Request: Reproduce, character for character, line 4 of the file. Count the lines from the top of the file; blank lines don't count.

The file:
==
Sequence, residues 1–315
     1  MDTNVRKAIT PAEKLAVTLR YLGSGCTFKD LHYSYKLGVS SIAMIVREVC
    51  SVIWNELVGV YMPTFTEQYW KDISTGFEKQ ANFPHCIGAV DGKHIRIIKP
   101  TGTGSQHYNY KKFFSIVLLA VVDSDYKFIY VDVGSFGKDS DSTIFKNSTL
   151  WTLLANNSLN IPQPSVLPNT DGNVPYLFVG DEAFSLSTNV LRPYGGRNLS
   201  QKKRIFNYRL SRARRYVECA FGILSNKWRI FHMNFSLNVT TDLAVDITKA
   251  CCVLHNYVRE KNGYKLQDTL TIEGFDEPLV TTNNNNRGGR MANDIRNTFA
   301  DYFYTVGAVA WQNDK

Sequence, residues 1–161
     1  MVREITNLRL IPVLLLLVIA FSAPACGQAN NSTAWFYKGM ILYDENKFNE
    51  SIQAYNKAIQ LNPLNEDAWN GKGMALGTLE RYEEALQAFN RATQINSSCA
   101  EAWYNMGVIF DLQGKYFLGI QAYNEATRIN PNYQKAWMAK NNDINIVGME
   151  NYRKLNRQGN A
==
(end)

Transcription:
   101  TGTGSQHYNY KKFFSIVLLA VVDSDYKFIY VDVGSFGKDS DSTIFKNSTL